Here, the authors are perhaps bending a little too far in their efforts to be fair to their subject. There was nothing especially disciplined or restrained in the disgraceful aggression with which he attacked Gillian Triggs for doing her job, all carried out with a rhetorical violence that was unreconstructed male through and through, and debased the office of prime minister. Abbott's failure to register how this looked to voters, and especially women, speaks volumes about the quality of his judgement.

Quentin Bryce with the newly sworn in Abbott Ministry croppedQuentin Bryce with the newly sworn in Abbott Ministry, 18 September 2013 (Department of Foreign Affairs and Trade, via Wikimedia Commons)

Nor was there anything truly 'unconscious' about Abbott creating a cabinet with just one female member, or his willingness to reward proven mediocrity when it wore a suit and made noises of which he approved. There is a difference, too obvious to bother wasting words over although this never seemed to worry Abbott, between having independently minded women in your family, and appointing women to cabinet. But there is also a distinction to be made between a (female) staff member, such as Credlin, and a (male) minister of state. The former acts as a symbolic extension of the self; she exercises power in the name of a male authority. A minister's authority works differently; it is not mediated in the same way. To suggest that such distinctions are, for practical purposes, unreal, is to ignore the symbolic dimensions of politics. And one thing we do know about Abbott is that he was a man who took very seriously both formal hierarchy and the choreography of power. Remember all those flags? The knighthoods?

But if in explaining these kinds of matters we need to go back to a time long before Abbott ever entered parliament: for others we need to look more squarely at his period in opposition. It is hard to think of a federal leader who came to the prime ministership with as little recognisable constructive policy as Abbott did. This is why I seriously doubt the authors' contention that Abbott might one day be regarded by historians as the country's 'best ever opposition leader'. Opposition leaders need to do more than drag a government down; they also need to prepare themselves for office by developing good policy that expresses a coherent and attractive vision.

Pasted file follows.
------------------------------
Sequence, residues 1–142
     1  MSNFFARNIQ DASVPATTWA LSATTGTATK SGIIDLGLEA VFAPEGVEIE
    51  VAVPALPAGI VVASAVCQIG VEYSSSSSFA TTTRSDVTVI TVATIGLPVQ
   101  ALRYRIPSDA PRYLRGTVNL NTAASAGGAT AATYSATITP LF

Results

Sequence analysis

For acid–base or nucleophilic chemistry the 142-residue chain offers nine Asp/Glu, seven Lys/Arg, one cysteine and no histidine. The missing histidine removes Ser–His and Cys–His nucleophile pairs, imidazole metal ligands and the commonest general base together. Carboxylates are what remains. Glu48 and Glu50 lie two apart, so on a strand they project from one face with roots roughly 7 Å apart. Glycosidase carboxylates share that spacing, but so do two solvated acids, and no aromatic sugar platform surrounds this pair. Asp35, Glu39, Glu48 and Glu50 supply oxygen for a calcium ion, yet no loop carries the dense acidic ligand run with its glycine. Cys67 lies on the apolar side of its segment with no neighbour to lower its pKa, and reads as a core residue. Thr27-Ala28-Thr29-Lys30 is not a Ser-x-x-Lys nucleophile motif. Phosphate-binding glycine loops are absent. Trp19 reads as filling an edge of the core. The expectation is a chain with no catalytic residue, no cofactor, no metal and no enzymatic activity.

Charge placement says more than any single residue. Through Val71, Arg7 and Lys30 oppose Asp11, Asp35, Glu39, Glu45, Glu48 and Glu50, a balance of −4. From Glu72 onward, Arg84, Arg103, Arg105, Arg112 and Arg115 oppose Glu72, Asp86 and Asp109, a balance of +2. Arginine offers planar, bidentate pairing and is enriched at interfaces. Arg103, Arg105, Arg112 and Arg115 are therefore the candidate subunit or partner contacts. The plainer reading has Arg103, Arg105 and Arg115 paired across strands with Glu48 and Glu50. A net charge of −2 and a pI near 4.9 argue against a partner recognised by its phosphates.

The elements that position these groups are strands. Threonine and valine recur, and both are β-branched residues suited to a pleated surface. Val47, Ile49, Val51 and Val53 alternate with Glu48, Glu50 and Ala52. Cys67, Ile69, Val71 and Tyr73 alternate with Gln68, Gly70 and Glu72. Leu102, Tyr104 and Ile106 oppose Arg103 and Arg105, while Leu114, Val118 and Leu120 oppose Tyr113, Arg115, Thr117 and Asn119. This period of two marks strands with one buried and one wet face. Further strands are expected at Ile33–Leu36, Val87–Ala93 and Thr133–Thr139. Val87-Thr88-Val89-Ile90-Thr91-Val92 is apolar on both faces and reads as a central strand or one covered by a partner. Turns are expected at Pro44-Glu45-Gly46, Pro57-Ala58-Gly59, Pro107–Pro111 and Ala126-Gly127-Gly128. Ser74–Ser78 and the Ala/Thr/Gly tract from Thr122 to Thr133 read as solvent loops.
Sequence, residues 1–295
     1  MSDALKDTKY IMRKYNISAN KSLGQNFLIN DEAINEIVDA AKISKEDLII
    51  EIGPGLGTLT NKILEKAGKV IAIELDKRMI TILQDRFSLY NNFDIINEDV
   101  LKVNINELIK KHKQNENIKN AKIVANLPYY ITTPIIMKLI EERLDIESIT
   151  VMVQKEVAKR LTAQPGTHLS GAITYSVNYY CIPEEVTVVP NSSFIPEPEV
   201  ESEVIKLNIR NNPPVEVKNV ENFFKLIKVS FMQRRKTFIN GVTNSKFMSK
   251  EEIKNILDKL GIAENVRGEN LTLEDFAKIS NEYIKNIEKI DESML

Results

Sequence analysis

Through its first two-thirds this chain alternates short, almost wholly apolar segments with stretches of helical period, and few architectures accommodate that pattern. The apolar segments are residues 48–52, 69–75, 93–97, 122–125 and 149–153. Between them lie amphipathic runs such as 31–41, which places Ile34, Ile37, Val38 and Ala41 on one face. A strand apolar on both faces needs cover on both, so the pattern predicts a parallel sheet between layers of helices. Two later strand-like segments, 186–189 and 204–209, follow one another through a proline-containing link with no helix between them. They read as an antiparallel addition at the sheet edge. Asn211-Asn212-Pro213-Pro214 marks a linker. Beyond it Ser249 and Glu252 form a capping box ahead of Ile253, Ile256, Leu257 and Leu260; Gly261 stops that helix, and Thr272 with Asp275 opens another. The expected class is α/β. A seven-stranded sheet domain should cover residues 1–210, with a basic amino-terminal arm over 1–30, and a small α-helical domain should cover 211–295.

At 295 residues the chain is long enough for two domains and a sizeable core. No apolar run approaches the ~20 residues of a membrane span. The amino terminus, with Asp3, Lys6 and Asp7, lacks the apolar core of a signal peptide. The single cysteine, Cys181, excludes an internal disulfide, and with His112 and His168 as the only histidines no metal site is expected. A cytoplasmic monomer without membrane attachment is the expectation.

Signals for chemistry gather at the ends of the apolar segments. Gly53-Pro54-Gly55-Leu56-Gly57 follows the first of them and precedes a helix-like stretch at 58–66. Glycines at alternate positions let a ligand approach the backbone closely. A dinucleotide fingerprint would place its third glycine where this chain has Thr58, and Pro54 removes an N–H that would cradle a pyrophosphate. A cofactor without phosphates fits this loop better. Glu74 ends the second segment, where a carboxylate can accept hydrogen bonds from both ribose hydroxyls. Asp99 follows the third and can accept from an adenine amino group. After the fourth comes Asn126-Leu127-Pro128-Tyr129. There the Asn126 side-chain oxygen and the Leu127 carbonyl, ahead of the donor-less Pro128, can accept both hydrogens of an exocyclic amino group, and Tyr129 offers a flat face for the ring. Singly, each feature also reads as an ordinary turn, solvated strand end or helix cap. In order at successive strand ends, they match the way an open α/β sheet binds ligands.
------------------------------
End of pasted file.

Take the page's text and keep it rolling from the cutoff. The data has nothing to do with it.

Abbott, the eternal oppositionist, with the help of a mainly co-operative media, was very effective in getting out a message that Labor was unfit to govern because of its dishonesty, incompetence, and (from 2010) minority status. But such rhetoric came back to haunt him when he brazenly broke his own promises and soon appeared dishonest and incompetent himself. And it eventually became clear that the quest that had earlier sent him in the direction of a political career, the defence of Western civilisation against an assortment of enemies that included Marxism, feminism, and homosexuality, could not easily be adapted to include Vladimir Putin, Islamic State, and Gillian Triggs.

Still, it looks like Abbott might remain with us for some time yet. He has recently turned his attention to whether a statue of Cecil Rhodes should be allowed to remain outside Oriel College, Oxford. And it is hard to think of anyone better suited, by experience and conviction, to lead the 'no' campaign in a referendum on same-sex marriage.

Published in March 2016, no. 379
Frank Bongiorno

Frank Bongiorno

Frank Bongiorno teaches at the Australian National University, where he is Head of the School of History. His most recent book is The Eighties: The decade That transformed Australia (Black Inc., 2015) and he is co-editor, with Benjamin T. Jones and John Uhr, of Elections Matter: Ten federal elections that shaped Australia (Monash University Publishing, 2018).